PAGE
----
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Healthcare workers in Kuwait queue to receive a Covid-19 vaccine. Photo: Getty Images.

Vaccines for all is the fastest and most effective way to save lives, livelihoods and drive an economic recovery that spans the globe.”

AMCs have been proven to work before. In 2009, the governments of Italy, the United Kingdom, Canada, the Russian Federation, and Norway, along with the Bill and Melinda Gates Foundation, supported an AMC to accelerate access to the pneumococcal vaccine.

Thanks to this facility, the new vaccine became available to Kenyans just months after their first use in USA and Europe, instead of the typical 10 to 15 years.

I saw the impact of this in Kenya first-hand, and how a financing innovation essentially leapfrogged a decade of development in public health. Today, more than 60 countries are immunizing against the main causes of pneumonia as a result of this innovation.

We need to move just as fast to distribute Covid-19 vaccines. The Covax AMC is not only in our collective self-interest, it is also morally right. The director general of the WHO, Dr Tedros Adhanom Ghebreyesus has warned of a catastrophic moral failure if we leave countries behind.

At the time of writing, more than 190 countries have committed to Covax facility, which has just announced an agreement to receive up to 40 million doses of the Pfizer-BioNTech vaccine.

Promisingly, Covax is on track to deliver at least 2 billion doses by the end of 2021. Rollout of the vaccine is expected to begin by the end of February this year, providing some much-needed relief as worldwide case numbers continue to rise.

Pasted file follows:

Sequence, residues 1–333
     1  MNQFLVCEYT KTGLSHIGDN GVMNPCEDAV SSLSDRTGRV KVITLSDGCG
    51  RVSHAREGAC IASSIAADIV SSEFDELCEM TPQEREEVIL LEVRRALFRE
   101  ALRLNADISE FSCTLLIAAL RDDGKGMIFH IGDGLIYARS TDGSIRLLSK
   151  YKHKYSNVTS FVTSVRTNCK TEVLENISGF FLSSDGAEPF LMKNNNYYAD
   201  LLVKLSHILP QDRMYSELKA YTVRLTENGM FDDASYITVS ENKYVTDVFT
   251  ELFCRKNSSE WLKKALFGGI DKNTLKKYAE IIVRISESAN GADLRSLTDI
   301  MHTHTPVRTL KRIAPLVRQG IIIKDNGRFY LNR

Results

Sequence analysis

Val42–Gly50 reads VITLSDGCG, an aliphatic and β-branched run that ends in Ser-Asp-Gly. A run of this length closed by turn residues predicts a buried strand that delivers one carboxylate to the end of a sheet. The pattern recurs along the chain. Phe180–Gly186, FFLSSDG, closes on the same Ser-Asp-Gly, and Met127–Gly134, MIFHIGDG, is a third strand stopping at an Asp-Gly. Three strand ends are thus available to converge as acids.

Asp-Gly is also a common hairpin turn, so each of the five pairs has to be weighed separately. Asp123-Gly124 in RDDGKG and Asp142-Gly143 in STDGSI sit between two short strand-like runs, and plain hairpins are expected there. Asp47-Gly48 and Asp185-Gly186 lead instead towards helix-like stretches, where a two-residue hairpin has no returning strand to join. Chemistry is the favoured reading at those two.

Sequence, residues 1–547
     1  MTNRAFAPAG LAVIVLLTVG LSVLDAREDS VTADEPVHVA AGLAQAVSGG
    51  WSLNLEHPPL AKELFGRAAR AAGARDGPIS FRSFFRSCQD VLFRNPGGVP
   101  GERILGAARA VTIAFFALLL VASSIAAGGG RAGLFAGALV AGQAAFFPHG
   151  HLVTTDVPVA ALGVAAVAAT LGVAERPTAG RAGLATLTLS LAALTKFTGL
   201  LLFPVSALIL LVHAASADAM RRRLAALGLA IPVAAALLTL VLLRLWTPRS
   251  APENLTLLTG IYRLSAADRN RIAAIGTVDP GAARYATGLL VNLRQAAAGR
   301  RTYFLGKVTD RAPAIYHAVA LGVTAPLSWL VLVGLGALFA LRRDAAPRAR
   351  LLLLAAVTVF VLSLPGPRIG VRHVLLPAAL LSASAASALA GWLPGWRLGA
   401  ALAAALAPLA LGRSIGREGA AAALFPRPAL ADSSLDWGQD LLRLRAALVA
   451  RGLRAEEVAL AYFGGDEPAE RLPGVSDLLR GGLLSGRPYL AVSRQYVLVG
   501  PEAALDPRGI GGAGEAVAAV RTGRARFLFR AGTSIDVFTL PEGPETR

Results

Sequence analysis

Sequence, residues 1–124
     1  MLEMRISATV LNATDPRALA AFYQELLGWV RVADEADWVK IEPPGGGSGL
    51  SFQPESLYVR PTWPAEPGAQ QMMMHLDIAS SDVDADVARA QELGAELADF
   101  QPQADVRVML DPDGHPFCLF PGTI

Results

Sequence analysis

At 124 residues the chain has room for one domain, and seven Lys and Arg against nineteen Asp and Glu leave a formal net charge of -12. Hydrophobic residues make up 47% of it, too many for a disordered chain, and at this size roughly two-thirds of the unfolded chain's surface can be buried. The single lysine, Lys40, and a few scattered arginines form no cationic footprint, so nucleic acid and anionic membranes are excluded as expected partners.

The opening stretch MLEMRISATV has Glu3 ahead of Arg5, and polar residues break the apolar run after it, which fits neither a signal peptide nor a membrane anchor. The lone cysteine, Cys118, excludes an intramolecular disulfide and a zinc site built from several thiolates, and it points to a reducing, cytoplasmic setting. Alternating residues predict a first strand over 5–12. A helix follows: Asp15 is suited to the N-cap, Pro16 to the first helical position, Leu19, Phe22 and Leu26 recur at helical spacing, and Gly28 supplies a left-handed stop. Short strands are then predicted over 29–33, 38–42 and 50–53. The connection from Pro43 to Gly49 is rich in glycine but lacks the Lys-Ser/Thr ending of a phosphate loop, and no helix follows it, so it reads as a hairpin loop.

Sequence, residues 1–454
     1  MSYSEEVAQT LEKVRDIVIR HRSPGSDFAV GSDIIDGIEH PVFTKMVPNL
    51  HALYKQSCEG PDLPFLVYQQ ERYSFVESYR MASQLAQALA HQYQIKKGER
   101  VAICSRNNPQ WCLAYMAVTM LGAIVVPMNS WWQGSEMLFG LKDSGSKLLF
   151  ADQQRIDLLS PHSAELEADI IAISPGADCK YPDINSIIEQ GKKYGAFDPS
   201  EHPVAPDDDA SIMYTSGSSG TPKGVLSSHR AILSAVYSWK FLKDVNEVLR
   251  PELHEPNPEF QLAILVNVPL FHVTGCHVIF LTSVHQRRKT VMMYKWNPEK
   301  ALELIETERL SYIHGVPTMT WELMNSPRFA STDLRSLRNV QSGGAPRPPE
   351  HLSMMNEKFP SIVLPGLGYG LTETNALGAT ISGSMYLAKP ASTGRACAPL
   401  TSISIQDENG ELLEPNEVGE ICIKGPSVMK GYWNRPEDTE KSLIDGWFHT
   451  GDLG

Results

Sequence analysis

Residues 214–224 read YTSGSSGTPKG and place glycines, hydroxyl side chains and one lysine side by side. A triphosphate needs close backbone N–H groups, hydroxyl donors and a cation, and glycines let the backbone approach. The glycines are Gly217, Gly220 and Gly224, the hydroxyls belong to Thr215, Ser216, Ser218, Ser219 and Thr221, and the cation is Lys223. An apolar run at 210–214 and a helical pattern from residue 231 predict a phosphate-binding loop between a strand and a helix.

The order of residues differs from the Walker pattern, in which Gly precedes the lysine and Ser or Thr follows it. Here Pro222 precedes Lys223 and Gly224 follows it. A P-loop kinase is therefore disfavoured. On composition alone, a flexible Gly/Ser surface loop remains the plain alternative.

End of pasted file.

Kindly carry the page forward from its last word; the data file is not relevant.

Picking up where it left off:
In the GCC, Saudi Arabia, Kuwait, and Qatar have all made financial commitments to support Covax, while the United Arab Emirates is supporting efforts by setting itself up as an international vaccine distribution hub through The Hope Consortium initiative.

The announcement from the new Joe Biden administration that the United States will pay into Covax is also a shot in the arm for the scheme, but crucially, we need more countries to sign up if it is to be successful.

At the Global Institute for Disease Elimination (GLIDE) in Abu Dhabi, we are working with partners including the Bill and Melinda Gates Foundation, GAVI, and others, to help ensure that vaccines are rolled out equitably across the Middle East and North Africa.

Philanthropy also has an important role to play in supporting vaccine production and distribution. We are calling on philanthropists to come forward with funding to support efforts for to make vaccines available for all people, in all countries.

Without a doubt, delivering vaccines for all is the fastest and most effective way to save lives, livelihoods and drive an economic recovery that spans the globe. Throughout the last year, whenever there has been a chink in solidarity, the virus has taken advantage.

We have a generational opportunity to end this pandemic and build back in a way that positions health as a foundation for human development, economic vibrancy and national security. 

That recovery cannot take place if half the world is left behind. – PA